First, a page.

If direct investing seems out of reach, sinking some cash into a fund of funds may be a better bet. Like a closed-end stock mutual fund, a fund of private-equity funds spreads risk over 10 to 30 PE firms. Initial investments start as low as $250,000, and the relatively small amount of cash buys access to many of the exclusive funds that shut out individual investors. That's because the asset-management companies that run funds of funds aggregate clients' investments to attract general partners who seek big cash commitments.
Although these collective pools of capital dilute some of the risk associated with private equity, most asset managers limit participants to "qualified" investors, a Securities and Exchange Commission designation that describes an individual with at least $5 million in assets. Most direct funds won't accept investors unless they are qualified institutional investors, with at least $25 million in assets.
Dabblers Need Not Apply
A fund of funds offers another key advantage: the investment comes with a manager who has expertise handling the notoriously troublesome administrative duties that plague private-equity investors. Unlike securities issued by public companies, PE investments are not made on the day the investor buys into the fund. While the cash commitment is made up front, the money isn't used until the partnership decides it needs the cash and sends out a "capital call" to investors. Essentially, the general partner of a fund requests additional cash in small chunks, or tranches, only when it spots a deal to pursue. (Private-equity partners aren't motivated to keep too much cash on hand, because cash buildup hurts the fund's investment ratios.)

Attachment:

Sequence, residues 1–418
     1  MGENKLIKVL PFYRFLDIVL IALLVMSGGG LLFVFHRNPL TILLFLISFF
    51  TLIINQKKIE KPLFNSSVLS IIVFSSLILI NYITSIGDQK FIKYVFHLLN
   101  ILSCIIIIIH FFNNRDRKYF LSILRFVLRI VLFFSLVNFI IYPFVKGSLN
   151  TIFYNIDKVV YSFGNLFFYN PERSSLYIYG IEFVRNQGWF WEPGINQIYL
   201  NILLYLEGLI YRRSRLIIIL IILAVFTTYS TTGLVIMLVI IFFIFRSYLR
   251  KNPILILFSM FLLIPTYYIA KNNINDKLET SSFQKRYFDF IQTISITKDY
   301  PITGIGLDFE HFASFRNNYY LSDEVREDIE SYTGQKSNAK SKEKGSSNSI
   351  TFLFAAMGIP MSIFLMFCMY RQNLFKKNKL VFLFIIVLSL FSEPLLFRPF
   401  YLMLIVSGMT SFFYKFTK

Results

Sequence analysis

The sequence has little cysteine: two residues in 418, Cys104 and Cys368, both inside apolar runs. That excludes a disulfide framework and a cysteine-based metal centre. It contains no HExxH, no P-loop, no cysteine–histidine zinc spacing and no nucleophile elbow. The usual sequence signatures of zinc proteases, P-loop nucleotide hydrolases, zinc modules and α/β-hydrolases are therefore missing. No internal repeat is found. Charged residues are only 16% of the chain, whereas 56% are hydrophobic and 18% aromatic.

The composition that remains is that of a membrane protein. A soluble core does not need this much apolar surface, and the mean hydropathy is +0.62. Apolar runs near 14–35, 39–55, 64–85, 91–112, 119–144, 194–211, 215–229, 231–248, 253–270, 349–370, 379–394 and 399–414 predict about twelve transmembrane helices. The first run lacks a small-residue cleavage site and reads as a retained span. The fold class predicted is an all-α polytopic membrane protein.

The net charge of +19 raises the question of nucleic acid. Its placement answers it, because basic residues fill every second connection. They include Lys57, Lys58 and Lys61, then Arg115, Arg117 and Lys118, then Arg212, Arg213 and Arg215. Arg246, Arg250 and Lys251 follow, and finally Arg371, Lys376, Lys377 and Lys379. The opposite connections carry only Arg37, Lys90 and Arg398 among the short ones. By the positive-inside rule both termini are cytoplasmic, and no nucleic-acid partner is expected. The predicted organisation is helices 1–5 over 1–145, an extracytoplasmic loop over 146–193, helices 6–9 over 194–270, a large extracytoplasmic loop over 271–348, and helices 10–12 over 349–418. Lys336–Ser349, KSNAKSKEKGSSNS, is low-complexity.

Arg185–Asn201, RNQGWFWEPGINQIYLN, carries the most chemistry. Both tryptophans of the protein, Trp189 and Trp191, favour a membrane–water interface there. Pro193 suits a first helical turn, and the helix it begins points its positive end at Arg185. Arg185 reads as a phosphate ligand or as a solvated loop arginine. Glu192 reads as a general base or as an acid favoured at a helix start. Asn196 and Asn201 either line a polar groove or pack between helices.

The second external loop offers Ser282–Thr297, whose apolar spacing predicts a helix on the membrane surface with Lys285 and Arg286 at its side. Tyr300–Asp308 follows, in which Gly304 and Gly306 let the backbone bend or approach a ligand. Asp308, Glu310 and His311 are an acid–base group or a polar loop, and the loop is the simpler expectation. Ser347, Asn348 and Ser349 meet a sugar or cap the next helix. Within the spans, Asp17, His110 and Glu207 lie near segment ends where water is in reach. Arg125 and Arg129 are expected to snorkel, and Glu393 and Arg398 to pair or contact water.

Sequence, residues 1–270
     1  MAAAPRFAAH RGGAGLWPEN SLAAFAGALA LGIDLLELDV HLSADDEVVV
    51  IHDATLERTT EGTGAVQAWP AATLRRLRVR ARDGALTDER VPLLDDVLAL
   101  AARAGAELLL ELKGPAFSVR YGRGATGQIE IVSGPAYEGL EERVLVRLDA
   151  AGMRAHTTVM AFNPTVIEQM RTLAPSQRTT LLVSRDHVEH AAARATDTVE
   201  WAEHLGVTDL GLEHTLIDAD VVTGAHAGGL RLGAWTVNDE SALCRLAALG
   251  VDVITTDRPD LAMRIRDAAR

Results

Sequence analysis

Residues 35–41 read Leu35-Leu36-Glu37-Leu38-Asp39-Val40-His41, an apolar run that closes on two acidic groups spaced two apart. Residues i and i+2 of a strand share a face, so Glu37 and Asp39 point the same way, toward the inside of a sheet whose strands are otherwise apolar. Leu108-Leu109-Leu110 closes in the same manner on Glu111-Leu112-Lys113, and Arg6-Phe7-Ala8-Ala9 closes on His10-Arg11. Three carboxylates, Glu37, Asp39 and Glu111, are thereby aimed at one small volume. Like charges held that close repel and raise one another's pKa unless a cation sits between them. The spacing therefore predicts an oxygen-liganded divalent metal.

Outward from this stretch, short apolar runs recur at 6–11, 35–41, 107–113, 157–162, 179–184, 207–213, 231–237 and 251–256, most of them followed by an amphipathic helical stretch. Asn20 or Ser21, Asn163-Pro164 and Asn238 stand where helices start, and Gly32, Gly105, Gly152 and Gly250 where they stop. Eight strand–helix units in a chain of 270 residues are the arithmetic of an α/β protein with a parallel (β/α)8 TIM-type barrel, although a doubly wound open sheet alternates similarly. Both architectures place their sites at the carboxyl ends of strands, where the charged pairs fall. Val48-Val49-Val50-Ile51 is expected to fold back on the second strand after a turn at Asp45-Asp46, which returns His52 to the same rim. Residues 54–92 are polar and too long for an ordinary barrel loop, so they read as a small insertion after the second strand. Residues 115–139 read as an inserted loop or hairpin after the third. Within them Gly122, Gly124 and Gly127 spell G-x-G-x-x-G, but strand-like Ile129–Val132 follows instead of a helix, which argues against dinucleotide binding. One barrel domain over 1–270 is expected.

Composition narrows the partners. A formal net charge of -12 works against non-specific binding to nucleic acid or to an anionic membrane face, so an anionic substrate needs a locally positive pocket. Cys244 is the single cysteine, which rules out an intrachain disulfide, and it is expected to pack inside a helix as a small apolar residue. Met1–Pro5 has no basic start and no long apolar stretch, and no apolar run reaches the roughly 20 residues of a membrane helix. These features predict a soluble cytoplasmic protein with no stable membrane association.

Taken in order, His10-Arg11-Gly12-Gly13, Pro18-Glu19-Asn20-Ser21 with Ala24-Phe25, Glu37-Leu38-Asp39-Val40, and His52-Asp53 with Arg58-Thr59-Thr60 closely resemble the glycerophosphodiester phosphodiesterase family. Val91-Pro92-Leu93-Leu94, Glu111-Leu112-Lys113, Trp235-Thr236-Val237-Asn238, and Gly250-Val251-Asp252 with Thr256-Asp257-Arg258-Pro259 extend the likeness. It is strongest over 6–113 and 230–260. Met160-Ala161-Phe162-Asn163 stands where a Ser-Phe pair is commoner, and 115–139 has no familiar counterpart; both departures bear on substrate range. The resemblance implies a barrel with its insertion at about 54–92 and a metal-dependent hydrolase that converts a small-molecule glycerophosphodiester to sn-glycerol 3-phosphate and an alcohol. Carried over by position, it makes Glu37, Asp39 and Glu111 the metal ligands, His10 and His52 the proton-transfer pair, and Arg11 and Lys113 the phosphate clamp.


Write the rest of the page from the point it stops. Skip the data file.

Investors oblige, sending cash to the fund, up to the maximum amount they initially pledged. During the life of an investment, several capital calls are made, sometimes for as little as $50,000, other times for several million dollars. Because the calls are linked to underlying deal activity, they are erratic. General partners have been known to go a full year without calling in investors' chits, and then to request three tranches in the span of three months. From an investor's perspective, says Mellon's Vidnovic, the cash commitments must remain liquid — earning low returns — while awaiting the call.
But dormant cash isn't the only problem with capital calls. Tracking the transactions, as well as other PE metrics and paperwork, can give even the best accountants migraines. In fact, many experts try to steer clients away from private equity unless they have the wherewithal to pay for administrative help. "If you're too small to have a family office [an external wealth-management service], you are too small to invest in alternative investments," declares Jim Schaefer, principal at accounting firm Schaefer & Co., who counts high-net-worth individuals and family offices as clients.
Issuers of publicly traded securities follow rules that mandate timely and tidy financial reporting. That's not the case with private-equity partnerships. Annual tax information identifying partners' shares of income (entered on a Schedule K-1) is usually late, and reporting often lags a full quarter. Distributions are as unpredictable as capital calls, and keeping track of both has proved onerous. In fact, investors have been slapped with penalties by PE firms for not meeting capital-call deadlines simply because they had moved and the notices never reached them or they were on vacation and couldn't be found in time.
As for management fees, they are hefty (1.5 to 2.5 percent of invested capital, which may be assessed annually or on the back end as returns are doled out), but tend not to dissuade investors in their quest for high returns. Put another way, if you have to ask about fees, maybe you can't afford PE. But if you think there is life left in this market, and you have both the cash and the stomach for a highly volatile investment, there may be a place for you at the clubhouse.
Marie Leone is senior editor at CFO.com.